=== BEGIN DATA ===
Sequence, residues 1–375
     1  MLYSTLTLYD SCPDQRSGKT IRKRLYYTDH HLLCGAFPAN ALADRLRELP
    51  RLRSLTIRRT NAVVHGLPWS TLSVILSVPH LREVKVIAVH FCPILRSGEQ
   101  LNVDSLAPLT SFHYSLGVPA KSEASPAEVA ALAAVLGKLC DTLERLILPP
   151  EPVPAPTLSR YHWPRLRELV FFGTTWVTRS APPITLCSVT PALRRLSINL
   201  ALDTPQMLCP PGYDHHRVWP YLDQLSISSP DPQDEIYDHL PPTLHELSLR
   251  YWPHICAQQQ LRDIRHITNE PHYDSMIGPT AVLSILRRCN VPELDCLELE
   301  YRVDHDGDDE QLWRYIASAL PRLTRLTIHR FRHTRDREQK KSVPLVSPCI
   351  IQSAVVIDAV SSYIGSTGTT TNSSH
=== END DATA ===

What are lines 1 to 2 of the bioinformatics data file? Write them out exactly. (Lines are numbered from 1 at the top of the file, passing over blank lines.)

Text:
Sequence, residues 1–375
     1  MLYSTLTLYD SCPDQRSGKT IRKRLYYTDH HLLCGAFPAN ALADRLRELP